Finally, just to touch on the topic of meateating itself (since you did), I think one has to be precise in discussing all the issues associated with diet. There are lots of possibly valid arguments to be made and there are just specious ones. You have cited only the specious ones made by meateaters, and it is fair to say that people who are both aggressive in questioning someone else’s diet choices AND make stupid arguments are certainly worth dismissing. More interesting are the ones who approach the issue with respect and who have arguments that aren’t so easily dismissed.

    Based on my reading, the problem is factory-farmed meat (which, to be fair, is most of the meat in this country), refined sugars and grains, and processed vegetable oils. A vegetarian diet that excludes these things is surely healthy that a meat eating diet that doesn’t, but I believe that a diet that includes pastured animal protein and fats is probably healthy than a vegetarian diet that includes all that junk, and probably healthier (although the measure of what’s “healthy” would have to be defined) than even a vegetarian diet that doesn’t include the junk. I also think that the types of food tolerated best will vary by individual, even if some generalizations can fairly be made.

    Posted by Anonymous | February 2, 2012, 4:02 pm
  2. I agree that there are a lot of vegetarians that engage in aggressive and judgmental behavior. That is indisputable. But I don’t think that’s me. I seldom open my mouth unless specifically asked why I’m vegetarian, I provide my reasoning, and that’s that. Perhaps others are preemptively attacking to avoid being attacked (even though I have no intention of doing so). Is this the legacy of George W. Bush on the debate over vegetarianism?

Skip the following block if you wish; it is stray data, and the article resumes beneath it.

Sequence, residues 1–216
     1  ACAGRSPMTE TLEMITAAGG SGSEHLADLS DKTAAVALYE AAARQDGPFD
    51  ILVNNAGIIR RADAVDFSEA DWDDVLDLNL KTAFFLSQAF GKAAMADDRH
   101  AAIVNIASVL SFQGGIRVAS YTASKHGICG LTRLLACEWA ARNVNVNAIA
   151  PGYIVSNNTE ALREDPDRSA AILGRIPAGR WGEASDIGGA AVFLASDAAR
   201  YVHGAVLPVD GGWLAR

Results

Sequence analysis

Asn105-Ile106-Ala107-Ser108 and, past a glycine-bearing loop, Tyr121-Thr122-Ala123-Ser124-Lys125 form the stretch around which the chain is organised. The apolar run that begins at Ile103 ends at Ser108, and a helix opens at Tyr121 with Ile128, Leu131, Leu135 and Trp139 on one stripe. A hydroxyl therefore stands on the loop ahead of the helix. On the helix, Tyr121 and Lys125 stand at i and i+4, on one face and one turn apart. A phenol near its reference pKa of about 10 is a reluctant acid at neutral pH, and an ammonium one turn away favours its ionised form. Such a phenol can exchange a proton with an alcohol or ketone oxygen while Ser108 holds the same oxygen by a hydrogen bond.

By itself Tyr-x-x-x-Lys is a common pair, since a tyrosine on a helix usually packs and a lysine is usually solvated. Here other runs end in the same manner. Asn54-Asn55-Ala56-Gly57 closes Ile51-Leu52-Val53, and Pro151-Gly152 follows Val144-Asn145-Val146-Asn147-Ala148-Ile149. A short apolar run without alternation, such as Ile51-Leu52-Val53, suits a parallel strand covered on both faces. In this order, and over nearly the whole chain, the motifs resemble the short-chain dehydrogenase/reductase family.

And I also fully agree that having reasoned discussions on the topic can be beneficial to all involved. I have only cited the specious “arguments” here because those are the ones that tend to be more popular when people are in a more dismissive mode. But, certainly, I have had several conversations where people have made many more reasoned “arguments” which results in a healthy, yet respectful debate where I have learned something from others as I hope they have learned something from me.

    I’m not necessarily asking to be completely left alone, that is unless someone is being intolerant. Instead I’d much prefer to just be respected as I hopefully respect others as well…

    Posted by chico | February 3, 2012, 12:21 am